Shane Lowry: I’m thrilled to be here but I’m annoyed with USGA draw of pairing three big guys together

What they did is making a mockery of us

You see the bronze statues near the back of the18th green, beside the clubhouse. Of an old Donald Ross, standing and forever waiting. Of Payne Stewart, his fist frozen in midair and his leg raised. There's something special about Pinehurst and I'm thrilled to be here, thrilled to be playing in the US Open and thrilled to have played my way into the championship the way I did. I know I am playing well. It's a great feeling.

To be honest, I am also annoyed about something.

I don't mind saying it, but I think it is a bit cheeky of the USGA in making the draw the way they did. I'm with Brendon de Jonge and Kevin Stadler for the first two rounds. Someone's bright idea!! Put the three big guys together!! I think it is unfair on the three of us. It is definitely not drawn out of the hat, that's for sure. And I just hope we don't get stick from the galleries.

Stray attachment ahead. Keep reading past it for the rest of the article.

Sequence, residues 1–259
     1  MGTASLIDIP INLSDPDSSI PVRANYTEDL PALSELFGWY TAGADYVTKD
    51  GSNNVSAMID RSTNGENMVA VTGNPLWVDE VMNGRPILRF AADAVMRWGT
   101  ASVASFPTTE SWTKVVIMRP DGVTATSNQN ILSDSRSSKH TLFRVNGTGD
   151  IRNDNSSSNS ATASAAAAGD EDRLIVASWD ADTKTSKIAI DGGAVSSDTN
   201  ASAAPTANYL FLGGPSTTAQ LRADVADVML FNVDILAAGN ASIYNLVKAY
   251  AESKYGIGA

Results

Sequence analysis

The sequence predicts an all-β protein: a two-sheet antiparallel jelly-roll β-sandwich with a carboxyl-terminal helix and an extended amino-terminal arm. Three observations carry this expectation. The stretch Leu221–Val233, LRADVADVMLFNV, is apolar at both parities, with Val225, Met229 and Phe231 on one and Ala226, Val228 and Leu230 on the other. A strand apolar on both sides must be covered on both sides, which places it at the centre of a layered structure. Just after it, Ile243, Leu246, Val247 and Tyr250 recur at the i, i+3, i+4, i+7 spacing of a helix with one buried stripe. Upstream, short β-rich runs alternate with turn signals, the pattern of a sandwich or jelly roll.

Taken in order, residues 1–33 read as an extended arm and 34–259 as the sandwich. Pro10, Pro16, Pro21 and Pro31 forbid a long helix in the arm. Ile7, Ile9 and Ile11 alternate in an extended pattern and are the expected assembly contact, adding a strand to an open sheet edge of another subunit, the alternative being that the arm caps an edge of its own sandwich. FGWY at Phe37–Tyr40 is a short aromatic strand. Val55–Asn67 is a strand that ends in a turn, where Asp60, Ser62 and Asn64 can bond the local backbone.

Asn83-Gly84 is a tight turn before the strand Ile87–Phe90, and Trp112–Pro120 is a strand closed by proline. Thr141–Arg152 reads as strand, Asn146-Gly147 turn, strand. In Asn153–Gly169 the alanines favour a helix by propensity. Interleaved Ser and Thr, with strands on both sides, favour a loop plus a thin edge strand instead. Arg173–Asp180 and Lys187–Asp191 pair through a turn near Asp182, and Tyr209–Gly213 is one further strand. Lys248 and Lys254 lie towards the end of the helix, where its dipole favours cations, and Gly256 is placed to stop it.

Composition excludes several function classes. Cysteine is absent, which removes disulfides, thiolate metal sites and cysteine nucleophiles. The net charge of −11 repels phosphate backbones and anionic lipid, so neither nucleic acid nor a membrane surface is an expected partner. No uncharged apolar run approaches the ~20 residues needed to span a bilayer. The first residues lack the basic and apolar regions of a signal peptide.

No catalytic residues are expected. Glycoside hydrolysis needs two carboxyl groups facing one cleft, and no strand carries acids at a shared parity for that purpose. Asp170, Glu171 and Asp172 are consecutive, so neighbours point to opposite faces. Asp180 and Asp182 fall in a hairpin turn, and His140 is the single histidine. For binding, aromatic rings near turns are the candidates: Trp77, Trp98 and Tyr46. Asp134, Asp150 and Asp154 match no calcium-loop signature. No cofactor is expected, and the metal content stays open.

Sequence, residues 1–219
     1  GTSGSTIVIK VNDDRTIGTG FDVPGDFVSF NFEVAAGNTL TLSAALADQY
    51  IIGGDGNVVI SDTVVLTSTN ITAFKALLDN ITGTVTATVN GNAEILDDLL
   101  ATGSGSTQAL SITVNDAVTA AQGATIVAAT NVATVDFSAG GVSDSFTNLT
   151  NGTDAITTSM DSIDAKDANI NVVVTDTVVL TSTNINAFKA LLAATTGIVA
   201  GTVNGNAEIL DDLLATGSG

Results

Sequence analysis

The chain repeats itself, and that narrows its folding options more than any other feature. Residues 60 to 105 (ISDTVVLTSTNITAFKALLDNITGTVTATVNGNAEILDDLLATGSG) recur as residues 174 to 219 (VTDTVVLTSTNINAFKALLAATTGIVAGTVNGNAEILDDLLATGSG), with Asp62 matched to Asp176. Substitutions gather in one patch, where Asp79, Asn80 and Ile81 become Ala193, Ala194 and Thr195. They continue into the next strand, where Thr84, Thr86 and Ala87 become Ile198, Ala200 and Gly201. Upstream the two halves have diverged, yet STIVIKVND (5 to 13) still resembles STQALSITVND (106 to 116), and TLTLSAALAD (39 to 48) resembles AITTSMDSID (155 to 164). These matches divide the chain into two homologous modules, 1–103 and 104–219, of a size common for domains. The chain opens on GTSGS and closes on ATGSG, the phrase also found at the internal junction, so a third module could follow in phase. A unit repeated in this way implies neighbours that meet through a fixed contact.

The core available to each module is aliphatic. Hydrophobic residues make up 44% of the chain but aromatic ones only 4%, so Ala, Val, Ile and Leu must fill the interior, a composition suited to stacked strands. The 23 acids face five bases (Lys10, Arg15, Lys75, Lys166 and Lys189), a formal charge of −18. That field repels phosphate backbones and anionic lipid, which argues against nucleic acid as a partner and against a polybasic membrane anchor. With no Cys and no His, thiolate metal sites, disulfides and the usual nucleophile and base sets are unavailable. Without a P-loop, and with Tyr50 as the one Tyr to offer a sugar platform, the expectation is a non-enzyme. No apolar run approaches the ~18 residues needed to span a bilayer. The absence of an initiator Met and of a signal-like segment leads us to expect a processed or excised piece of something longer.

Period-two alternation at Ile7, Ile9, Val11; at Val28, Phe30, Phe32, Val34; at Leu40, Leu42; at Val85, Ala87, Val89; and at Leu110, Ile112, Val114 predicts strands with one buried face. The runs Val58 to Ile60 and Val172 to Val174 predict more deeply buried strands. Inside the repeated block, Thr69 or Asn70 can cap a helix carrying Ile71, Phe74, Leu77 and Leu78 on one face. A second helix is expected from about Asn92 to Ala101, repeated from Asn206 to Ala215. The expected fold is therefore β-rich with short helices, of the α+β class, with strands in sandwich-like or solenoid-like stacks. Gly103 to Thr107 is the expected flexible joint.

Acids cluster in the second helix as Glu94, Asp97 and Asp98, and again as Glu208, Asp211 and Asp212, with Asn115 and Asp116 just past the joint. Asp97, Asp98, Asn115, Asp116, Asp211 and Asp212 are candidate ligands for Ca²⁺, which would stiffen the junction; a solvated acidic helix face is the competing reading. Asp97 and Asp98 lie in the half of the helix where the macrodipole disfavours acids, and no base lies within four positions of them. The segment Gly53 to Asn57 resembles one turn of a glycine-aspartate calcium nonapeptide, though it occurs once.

What they did is making a mockery of the three of us. I spoke to Graeme McDowell, and he thinks I should say something to the USGA about it.


I’ve always had a bit of extra weight. I have worked on my fitness, but people don’t always see that. I am my own fella and the important thing to me is that all my friends and family know exactly what I do and how hard I work for my career and how passionate I am about golf and doing as good as I can.

At the end of the day, you don’t have to be 75 kilos or 80 kilos and built like a tank to do well at this game.

This is a big week, the second Major of the season and the first for me and I am genuinely excited about playing in the US Open and especially at Pinehurst. I loved the place as soon as I got here on Sunday afternoon.

Sticky weather

We’d expected hot, sticky weather when we flew into Charlotte airport but it was raining. The first thing I did on touching down was to check the scores from the Irish Close in Seapoint where my younger brother Alan was playing in the qualifying. He made it though. Then I checked the GAA scores. Saw the Dubs had won, that


had a close call.

We took a taxi down US Highway 1 for the two hours or so drive to our rented house in Pinehurst village. I was a bit tired from the flight over, didn’t get much sleep, so the plan to play nine holes was shelved. It was a good move. We were able to settle into the house, right in the village. Perfect.